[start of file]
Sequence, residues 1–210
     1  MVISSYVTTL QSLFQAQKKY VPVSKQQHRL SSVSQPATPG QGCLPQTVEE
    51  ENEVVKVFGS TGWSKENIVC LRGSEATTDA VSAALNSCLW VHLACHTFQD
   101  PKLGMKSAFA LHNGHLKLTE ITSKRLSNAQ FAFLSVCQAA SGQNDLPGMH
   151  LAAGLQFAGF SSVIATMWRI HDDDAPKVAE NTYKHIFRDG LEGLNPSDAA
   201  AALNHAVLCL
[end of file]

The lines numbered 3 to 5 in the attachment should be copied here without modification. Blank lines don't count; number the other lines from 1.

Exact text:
    51  ENEVVKVFGS TGWSKENIVC LRGSEATTDA VSAALNSCLW VHLACHTFQD
   101  PKLGMKSAFA LHNGHLKLTE ITSKRLSNAQ FAFLSVCQAA SGQNDLPGMH
   151  LAAGLQFAGF SSVIATMWRI HDDDAPKVAE NTYKHIFRDG LEGLNPSDAA